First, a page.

Discovery of new listeria species prompts call for food safety test changes
Scientists from Cornell University have discovered five previously unknown species of listeria, a pathogenic bacteria known to cause food poisoning and in some cases lead to death. One species was found to present novel behaviors, unlike any other type of listeria, resulting in the researchers calling for changes to food safety regulations.
As part of separate research assessing listeria in soil and agricultural water sources food scientists at Cornell encountered a number of samples that could not be classified as listeria to a species level. From these samples the researchers have catalogued five novel species of the pathogen, and characterized some unique practical attributes.
Listeria is known to be a highly motile pathogen. Under a microscope the bacterial cells can easily be seen moving about with a characteristic tumbling motion. In fact, one listeria detection method looks for exactly this kind of motility.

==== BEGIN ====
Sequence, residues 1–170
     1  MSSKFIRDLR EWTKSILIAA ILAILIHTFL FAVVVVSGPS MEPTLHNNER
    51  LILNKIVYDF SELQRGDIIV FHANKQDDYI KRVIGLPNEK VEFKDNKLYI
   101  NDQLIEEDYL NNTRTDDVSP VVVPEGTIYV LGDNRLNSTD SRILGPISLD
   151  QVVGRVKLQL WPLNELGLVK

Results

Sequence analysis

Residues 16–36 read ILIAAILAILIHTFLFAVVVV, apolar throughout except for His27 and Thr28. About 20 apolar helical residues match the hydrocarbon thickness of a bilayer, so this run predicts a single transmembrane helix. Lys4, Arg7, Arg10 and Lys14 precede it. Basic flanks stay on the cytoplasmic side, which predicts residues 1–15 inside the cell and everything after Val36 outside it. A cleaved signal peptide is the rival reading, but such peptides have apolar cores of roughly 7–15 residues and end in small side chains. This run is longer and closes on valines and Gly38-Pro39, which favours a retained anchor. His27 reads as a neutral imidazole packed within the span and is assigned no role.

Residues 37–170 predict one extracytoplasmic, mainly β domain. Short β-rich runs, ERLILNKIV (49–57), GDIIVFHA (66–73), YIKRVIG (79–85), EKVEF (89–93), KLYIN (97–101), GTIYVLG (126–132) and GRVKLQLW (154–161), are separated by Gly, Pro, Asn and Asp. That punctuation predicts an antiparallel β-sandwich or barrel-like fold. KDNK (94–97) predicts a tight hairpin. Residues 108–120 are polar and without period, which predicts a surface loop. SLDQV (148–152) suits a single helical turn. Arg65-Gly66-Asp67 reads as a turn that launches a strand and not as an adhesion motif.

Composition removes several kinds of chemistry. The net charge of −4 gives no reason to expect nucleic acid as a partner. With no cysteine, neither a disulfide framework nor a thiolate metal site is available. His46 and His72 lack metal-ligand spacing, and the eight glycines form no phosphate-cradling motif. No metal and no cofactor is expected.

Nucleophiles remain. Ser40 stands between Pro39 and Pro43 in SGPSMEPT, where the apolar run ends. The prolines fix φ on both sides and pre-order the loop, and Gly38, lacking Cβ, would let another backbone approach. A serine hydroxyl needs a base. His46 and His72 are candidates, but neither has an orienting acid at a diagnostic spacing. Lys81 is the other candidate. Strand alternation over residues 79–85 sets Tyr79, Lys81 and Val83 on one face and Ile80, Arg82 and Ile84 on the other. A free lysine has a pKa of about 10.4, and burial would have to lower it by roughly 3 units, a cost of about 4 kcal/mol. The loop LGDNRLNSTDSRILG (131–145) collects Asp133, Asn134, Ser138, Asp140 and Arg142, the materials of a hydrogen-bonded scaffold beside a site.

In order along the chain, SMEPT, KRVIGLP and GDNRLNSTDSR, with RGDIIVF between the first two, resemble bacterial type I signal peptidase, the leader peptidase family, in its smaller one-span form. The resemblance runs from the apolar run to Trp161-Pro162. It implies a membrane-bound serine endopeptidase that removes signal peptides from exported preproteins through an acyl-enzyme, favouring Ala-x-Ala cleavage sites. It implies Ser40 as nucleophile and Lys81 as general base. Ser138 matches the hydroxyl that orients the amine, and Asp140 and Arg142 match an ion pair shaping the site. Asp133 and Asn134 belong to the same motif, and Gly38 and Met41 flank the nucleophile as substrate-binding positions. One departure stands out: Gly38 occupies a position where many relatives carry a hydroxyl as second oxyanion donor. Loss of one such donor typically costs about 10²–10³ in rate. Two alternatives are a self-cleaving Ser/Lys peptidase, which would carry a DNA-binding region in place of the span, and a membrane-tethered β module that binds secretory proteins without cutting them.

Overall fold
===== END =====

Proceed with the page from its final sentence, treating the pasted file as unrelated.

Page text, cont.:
A crucial finding in the study is one of the new species discovered lacks this characteristic motility. The researchers specifically named the new species L. immobilis. They warn against using motility as a sole characteristic to identify listeria in food safety tests.
“This paper describes some unique characteristics of listeria species that are closely related to listeria monocytogenes, which will be important from an evolutionary perspective and from a practical standpoint for the food industry,” explains study co-author Martin Wiedmann. “Likely, some tests will need to be re-evaluated.”
There are now 26 species in the Listeria genus. Wiedmann’s research group has discovered half of those species just in the last 10 years.
Catharine Carlin, a doctoral student working in the research group and lead author on the new study, says it is crucial these pathogens are accurately catalogued so food production environments can better monitor their products.
“This research increases the set of listeria species monitored in food production environments,” says Carlin. “Expanding the knowledge base to understand the diversity of listeria will save the commercial food world confusion and errors, as well as prevent contamination, explain false positives and thwart foodborne outbreaks.”
The new study was published in the International Journal of Systematic and Evolutionary Microbiology.
Source: Cornell University